An Irish Backup Guitar subscription includes: 

  • A step-by-step approach to mastering Irish backup guitar technique
  • New lessons and tunes added every month
  • Tab/notation and/or chord charts for all lessons
  • High-quality video with multiple camera angles so you can see closeups of both hands in action
  • Play-Along Tracks so you can practice what you’ve learned

Get started now! Use promo code FlynnLand at checkout and get your first month free or $20 off an annual subscription. Subscribe to the Irish Backup Guitar course today for access to all of these guitar lessons and new material every month!  

IRISH BACKUP GUITAR BASICS

The Evolution of Irish Backup Guitar Flynn talks about the evolution of guitar in traditional music and demonstrates the styles of some of its pioneering practitioners. The guitar was first used by guitarists Paul Brady, Mícheál Ó Dhomhnaill, and Dáithí Sproule, in Irish folk bands in the late 1960s and ’70s. Paul Brady’s style, as heard on recordings with Irish instrumental stars like Tommy Peoples, Matt Molloy, and others in the 1970s, as well as his own solo recordings, was very influential. He usually played in dropped-D tuning and used a muted right-hand strum with small chord voicings up the neck and often imitated the sound of the regulators on the Uilleann pipes. Mícheál Ó Dhomhnaill and Dáithí Sproule both played in DADGAD tuning, and that tuning became very popular among Irish backup guitarists. Mícheál is known for his playing with the Bothy Band and others, including some influential recordings with fiddler Kevin Burke. While they both play in DADGAD, Dáithí’s and Mícheál’s styles are very different, but they both influenced the way guitar is played in Irish music seisiúns today.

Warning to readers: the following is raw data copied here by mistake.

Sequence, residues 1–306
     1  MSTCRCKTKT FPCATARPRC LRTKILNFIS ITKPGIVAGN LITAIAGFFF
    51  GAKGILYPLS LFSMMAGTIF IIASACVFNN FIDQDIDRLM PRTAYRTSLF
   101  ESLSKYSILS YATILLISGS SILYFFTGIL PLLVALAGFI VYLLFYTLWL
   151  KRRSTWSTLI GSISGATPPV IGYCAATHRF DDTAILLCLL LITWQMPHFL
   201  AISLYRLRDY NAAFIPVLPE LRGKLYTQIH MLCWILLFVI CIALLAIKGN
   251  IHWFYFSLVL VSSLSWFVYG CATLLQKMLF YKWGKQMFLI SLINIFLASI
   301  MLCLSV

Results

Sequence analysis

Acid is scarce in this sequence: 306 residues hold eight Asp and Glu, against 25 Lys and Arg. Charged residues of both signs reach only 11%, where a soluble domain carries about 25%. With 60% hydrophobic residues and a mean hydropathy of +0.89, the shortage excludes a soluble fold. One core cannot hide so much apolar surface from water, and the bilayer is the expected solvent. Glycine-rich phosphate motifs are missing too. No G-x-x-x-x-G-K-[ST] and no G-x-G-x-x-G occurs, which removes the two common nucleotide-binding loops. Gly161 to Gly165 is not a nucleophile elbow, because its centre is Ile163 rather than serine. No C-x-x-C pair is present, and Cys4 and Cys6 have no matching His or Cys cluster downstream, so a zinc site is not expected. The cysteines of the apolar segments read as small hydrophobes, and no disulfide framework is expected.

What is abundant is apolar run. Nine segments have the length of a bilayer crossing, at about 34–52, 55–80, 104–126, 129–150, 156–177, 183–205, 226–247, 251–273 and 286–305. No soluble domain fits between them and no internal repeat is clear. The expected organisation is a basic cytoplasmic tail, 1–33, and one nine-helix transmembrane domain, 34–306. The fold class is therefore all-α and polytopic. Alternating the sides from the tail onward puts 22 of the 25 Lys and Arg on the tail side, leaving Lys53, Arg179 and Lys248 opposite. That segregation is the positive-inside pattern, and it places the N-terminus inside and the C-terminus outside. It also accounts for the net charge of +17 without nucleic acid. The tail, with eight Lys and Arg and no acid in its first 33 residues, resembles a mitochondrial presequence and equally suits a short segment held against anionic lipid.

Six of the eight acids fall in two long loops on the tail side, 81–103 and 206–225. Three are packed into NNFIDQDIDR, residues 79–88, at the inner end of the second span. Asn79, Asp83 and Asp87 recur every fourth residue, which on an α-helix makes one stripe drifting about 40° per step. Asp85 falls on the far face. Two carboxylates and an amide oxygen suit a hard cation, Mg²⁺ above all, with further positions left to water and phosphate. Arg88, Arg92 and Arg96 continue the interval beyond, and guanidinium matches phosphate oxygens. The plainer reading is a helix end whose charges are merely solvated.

Irish Backup Guitars and Gear Flynn talks about the guitars, picks, strings, and capos that are commonly used for Irish backup guitar. He shows you what he uses (Elixir medium-gauge strings, .60- or .73-gauge Dunlop picks, Shubb or Kyser capos) and why. He also talks a bit about practice tools he uses, including metronomes and Amazing Slowdowner and Anytune software.

Flynn’s Martin 0018V Guitar Flynn talks in more detail about his guitar, how and why he got it, and the electronics he uses to amplify the guitar.